Massachusetts Highest Court Upholds Ruling Against Restaurants Seeking Insurance Coverage for Losses Resulting from COVID-19 Dining Restrictions | Nutter McClennen & Fish LLP


In Verbena Corp., et al., c. Strathmore Insurance Company, et al.The Massachusetts Supreme Judicial Court (SJC) ruled that business loss claims made by three restaurants resulting from COVID-19-related dining restrictions were not covered by “all-risk” property insurance policies because the losses were not “direct physical loss or damage” under these policies.

In the spring of 2020, Governor Baker issued a emergency order ban in-person dining in Commonwealth restaurants and bars. Two of the complainants responded by offering take-out and delivery services, while the third complainant suspended operations. Although in-person dining is limited resumed in June 2020, the plaintiffs continued to lose income due to the restrictions. Restaurants have filed insurance claims for lost revenue. Strathmore Insurance Company denied the claims. The restaurants then sued Strathmore for declaratory judgment and asserted claims for breach of contract and breach of GL v. 93A and LD c. 176D. Superior Court Judge Sanders dismissed the claims, ruling that the restaurants did not suffer “direct physical loss or damage,” as required by the policies.

The SJC upheld Justice Sanders’ decision, finding that the phrase “direct physical loss or damage to [property]requires, in the words of the CJS, “distinct, demonstrable physical alteration of the property.” The CJS explained:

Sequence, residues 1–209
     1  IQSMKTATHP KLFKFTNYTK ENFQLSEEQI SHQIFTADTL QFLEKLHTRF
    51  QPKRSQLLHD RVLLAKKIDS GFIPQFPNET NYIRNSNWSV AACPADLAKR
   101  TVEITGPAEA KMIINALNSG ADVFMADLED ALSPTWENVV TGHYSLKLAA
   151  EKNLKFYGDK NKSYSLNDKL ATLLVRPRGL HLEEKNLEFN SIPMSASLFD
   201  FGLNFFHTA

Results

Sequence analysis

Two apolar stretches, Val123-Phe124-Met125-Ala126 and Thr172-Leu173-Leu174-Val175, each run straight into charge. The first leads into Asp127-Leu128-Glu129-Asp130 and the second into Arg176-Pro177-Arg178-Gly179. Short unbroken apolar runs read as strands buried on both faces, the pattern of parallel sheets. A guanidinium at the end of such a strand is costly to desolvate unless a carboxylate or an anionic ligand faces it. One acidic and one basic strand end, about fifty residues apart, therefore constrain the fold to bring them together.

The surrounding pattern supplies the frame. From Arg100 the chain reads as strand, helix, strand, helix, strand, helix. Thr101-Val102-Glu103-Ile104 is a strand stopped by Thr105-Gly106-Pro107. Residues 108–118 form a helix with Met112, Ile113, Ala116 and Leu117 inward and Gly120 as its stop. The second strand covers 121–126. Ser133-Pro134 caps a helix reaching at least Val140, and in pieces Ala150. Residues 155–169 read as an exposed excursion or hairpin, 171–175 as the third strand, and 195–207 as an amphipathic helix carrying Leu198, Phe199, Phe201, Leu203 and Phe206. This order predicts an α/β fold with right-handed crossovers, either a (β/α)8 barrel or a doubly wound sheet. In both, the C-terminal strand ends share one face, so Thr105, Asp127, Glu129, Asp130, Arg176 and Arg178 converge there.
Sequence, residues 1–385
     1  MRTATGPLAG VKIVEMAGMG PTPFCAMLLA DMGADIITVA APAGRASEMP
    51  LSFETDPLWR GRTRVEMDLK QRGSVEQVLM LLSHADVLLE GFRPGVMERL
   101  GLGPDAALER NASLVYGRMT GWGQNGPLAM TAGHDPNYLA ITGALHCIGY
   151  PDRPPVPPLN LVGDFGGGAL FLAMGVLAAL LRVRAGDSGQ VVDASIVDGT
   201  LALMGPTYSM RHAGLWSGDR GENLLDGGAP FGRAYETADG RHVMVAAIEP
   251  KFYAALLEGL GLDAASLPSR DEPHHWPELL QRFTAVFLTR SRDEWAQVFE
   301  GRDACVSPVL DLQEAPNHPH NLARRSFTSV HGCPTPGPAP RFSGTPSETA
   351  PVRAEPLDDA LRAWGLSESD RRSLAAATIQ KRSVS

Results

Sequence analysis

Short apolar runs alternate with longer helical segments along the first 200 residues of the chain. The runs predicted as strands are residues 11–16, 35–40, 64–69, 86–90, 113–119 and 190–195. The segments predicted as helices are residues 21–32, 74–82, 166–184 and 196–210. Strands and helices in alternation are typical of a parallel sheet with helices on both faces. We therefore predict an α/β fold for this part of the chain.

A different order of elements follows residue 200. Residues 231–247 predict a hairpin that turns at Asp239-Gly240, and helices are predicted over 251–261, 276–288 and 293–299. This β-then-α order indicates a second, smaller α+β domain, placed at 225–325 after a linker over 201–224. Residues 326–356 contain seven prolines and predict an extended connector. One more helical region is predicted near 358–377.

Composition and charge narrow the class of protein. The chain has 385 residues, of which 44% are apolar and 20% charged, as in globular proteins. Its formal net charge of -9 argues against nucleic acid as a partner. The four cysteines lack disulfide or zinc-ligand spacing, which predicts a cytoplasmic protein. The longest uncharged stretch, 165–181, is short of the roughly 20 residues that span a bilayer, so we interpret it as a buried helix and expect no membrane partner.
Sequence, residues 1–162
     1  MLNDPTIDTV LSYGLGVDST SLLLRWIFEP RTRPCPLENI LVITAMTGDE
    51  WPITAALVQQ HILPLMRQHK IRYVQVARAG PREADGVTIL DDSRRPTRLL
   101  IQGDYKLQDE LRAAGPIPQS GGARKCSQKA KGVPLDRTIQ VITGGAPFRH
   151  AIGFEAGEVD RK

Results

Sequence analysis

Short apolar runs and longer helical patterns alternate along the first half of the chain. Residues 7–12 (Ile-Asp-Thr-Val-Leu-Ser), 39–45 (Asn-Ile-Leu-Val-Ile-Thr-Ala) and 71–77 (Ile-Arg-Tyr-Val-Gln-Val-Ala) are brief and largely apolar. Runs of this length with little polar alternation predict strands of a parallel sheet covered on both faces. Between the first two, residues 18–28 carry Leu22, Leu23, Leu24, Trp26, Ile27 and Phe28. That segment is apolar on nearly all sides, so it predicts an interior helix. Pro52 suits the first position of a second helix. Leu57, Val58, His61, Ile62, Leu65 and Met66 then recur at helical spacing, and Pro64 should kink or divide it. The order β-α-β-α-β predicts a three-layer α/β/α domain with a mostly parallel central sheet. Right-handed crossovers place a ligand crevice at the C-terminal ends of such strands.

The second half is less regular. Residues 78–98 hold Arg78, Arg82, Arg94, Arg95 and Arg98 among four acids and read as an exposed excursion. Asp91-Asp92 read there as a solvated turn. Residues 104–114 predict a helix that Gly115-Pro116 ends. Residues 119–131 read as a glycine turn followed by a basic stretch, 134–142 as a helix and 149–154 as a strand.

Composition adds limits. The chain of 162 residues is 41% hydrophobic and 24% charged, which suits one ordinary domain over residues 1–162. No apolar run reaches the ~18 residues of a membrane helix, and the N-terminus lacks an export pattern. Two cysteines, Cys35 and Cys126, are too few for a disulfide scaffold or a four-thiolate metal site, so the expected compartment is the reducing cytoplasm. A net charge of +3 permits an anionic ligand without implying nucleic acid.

The allegations in the complaint do not support recovery under this definition. Although caused, in some way, by the physical properties of the virus, the restaurants’ suspension of operations was in no way attributable to a direct physical effect on the plaintiffs’ property that could be characterized as loss or damage. As demonstrated by the restaurants’ continued ability to provide take-out and other services, there were no physical effects to the property itself. It is only these items that would trigger coverage under property or business interruption coverage forms.

The SJC rejected the plaintiffs’ argument that the “presence” of the virus constituted direct physical loss or damage:

Even accepting the plaintiffs’ premise that the suspension of their activity was caused by the “presence” of the virus on the surfaces and in the air of restaurants (as opposed to the danger that the virus could be introduced into restaurants or spread directly from person to person if indoor dining was permitted), mere “presence” does not equate to loss or damage to property. The evanescent presence of a harmful airborne substance which will quickly dissipate on its own, or surface level contamination which can be removed by simple cleaning, does not alter or physically affect the property. While the saturation, rooting or infiltration of a substance in the materials of a building or the persistent pollution of a premises requiring active remediation efforts is sufficient to constitute “direct physical loss or damage to property,” evanescent presence is not.

The SJC also rejected the plaintiffs’ argument that the term “loss” – as opposed to “damage” – did not require a physical alteration to the property:

Plaintiffs’ interpretation ignores that the loss itself must be a “direct physical” loss, clearly requiring direct physical deprivation of possession. The plaintiffs were not deprived of possession of their property and even continued to inhabit it and use it for other purposes. Although they cannot use it for in-person or indoor dining, but rather for take-out services, “without any physical modifications to accompany it, this partial loss of use does not constitute a” direct physical loss “”.

You can review the decision of the SJC here.

The Supreme Judicial Court of Massachusetts

File number: SJC-13172

Case name: Verbena Corp., et al., c. Strathmore Insurance Company, et al.

Decision date: April 21, 2022

Judge: Justice Scott Kafker, writing for a unanimous Court.


Comments are closed.